We now look at the different types of financial options available. They are categorized in terms of the underlying instrument.
These are options (sometimes called equity options) on individual stocks and are popular in the market.
These are options on stock indices, such as the S&P 500 Index, which are for cash settlement (based on a multiplier times the index level).
Bond options are not popular with the retail investor and most of the trading is between institutions in the over-the-counter market. They can be for actual delivery or for cash settlement and are based on a notional principal which is quoted in terms of the face value of the bond.
Interest rate options
We will consider options on LIBOR as an example of interest rate options. Note that there is not an underlying financial instrument but an interest rate that is used to calculate the payoff.
In the case of FRAs the payoff is based on the discounted spot rate of a LIBOR payment. Interest rate options are options where the underlying asset is an interest rate so rather than an exercise price we have an exercise rate or strike rate. An FRA is a commitment to make and receive an interest rate payment at a later date and the payment is made immediately the contract expires. An interest rate option is the right to make one interest payment and receive another.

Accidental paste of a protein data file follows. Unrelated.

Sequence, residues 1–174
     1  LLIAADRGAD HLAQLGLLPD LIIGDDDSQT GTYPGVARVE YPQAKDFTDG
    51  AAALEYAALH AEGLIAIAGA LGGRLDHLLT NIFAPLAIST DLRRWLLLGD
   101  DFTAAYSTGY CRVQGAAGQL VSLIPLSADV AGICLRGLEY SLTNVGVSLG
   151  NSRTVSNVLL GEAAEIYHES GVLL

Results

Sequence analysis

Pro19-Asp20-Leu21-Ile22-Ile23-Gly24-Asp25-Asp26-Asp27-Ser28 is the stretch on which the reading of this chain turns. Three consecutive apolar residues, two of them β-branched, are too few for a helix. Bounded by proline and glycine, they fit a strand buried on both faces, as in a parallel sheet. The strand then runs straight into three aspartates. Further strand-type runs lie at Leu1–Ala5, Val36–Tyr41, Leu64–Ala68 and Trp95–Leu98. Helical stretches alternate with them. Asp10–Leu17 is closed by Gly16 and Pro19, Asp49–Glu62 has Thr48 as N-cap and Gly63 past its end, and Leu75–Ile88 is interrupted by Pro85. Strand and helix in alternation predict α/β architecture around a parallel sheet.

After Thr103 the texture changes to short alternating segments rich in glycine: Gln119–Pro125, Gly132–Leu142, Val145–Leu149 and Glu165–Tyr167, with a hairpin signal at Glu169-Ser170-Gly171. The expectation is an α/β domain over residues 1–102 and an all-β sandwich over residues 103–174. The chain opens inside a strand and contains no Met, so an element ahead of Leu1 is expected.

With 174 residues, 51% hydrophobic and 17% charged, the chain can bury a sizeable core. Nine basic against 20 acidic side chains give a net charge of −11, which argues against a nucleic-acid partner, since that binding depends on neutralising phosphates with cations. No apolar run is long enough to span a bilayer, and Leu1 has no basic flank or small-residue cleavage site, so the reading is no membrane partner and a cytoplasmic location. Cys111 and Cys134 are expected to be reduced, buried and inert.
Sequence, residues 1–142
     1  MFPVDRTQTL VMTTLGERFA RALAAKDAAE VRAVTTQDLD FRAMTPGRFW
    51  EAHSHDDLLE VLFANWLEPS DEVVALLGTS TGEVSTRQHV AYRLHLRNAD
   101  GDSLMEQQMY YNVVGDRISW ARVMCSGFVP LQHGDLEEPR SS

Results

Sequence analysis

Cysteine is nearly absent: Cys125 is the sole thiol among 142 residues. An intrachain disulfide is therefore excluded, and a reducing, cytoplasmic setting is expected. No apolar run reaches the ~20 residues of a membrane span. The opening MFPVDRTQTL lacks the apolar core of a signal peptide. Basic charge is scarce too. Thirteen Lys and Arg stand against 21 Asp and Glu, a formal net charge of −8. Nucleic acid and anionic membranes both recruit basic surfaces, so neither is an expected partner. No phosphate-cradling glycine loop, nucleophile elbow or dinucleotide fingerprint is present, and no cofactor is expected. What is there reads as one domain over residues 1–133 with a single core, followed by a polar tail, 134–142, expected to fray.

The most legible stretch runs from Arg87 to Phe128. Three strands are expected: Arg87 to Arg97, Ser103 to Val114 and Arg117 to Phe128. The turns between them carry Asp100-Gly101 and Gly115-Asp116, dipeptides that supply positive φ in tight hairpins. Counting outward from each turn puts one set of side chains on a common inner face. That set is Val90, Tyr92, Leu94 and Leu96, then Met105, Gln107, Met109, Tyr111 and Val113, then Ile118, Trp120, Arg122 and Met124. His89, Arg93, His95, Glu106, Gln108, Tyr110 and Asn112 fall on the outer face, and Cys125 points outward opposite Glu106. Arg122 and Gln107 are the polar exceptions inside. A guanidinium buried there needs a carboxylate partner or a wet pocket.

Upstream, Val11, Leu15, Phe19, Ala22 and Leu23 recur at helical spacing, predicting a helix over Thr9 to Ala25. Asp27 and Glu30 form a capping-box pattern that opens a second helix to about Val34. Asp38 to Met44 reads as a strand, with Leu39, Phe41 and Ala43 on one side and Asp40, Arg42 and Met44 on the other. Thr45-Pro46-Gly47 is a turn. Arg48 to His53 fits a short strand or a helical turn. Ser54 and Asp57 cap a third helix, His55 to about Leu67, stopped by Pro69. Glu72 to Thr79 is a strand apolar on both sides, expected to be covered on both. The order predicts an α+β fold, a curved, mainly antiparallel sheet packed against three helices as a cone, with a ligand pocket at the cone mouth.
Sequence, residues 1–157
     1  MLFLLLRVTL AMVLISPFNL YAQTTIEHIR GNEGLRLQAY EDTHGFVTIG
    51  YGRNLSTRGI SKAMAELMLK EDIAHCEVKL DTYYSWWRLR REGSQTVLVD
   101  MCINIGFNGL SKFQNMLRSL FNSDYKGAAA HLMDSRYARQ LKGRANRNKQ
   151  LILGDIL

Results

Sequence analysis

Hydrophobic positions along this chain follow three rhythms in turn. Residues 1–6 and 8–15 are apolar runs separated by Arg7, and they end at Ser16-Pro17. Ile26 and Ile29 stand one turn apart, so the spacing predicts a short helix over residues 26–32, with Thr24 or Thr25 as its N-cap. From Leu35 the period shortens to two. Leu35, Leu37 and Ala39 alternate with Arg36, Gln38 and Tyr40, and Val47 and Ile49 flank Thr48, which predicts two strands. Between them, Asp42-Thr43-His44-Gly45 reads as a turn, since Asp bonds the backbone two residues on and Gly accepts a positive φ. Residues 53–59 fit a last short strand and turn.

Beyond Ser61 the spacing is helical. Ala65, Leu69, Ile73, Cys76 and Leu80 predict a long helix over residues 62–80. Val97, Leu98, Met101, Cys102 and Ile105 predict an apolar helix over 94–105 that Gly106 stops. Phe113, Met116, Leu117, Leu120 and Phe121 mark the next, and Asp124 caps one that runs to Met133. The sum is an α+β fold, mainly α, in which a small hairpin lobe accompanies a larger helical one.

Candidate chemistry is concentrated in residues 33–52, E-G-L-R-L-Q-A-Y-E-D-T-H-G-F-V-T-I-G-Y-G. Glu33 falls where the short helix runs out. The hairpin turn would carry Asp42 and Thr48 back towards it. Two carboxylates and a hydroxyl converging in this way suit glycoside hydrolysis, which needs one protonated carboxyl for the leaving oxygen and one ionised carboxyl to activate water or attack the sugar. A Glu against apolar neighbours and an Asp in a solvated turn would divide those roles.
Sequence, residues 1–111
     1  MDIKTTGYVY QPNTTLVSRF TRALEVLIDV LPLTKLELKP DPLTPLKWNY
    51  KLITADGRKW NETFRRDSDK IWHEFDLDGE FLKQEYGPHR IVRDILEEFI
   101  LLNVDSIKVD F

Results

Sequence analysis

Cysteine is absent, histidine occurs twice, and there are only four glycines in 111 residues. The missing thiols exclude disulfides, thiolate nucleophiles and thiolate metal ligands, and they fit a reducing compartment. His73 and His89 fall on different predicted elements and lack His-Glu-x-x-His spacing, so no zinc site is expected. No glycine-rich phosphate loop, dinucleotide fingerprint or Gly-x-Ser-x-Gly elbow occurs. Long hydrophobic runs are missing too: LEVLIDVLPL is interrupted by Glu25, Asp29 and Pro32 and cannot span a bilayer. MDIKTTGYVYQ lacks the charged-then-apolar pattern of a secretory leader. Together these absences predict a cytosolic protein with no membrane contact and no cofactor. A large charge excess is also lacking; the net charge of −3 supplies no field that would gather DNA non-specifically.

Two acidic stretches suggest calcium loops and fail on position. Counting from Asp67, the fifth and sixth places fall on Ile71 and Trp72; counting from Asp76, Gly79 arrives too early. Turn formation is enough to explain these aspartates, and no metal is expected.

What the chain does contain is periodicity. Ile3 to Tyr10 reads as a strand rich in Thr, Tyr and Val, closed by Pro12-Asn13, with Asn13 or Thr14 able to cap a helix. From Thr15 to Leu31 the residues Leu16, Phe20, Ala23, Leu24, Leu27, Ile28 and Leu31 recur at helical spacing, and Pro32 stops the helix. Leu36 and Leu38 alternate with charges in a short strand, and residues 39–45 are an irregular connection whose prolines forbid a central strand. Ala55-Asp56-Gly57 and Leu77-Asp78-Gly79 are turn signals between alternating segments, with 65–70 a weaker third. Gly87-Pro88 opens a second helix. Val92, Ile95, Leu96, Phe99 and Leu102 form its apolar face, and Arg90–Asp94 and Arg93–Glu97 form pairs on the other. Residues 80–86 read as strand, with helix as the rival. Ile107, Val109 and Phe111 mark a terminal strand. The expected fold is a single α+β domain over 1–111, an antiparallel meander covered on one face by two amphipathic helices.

An interest rate call is an option where the holder has the right to make a known interest rate payment and receive an unknown payment. An interest rate put is an option where the holder has the right to make an unknown interest rate payment and receive another known payment.
Interest rate options and FRAs have a notional principal. The options are usually European style and settle for cash. They are often dealt in by the same dealers that make prices in FRAs.
When interest rate options are being used for hedging, for example to hedge the risk on a floating rate loan, then the buyer is purchasing a series of interest rate options. This series of call options is called an interest rate cap, or a cap. A series of interest rate put options is called an interest rate floor, or floor. An interest rate cap is defined as a series of call options on an interest rate, with each option expiring at the date on which the rate on the floating rate loan will be reset; each option has the same exercise rate. Each call option is a caplet. Similarly each component of an interest rate floor is a floorlet. The price of the interest rate cap or floor is just the sum of the constituent options.
An interest rate collar is a combination of a long cap and short floor or vice versa.
A currency option gives the holder the right to buy or sell an underlying currency at a fixed exercise rate, which is an exchange rate.
Options on futures
This is an option where the underlying is a futures contract; a call option gives the holder the right to go long of the futures at a fixed price and a put option the right to go short. The fixed futures price is the exercise price. There are arbitrage opportunities and in some cases the options are essentially an option on the spot price of the underlying asset (when the options and futures expire on the same date).
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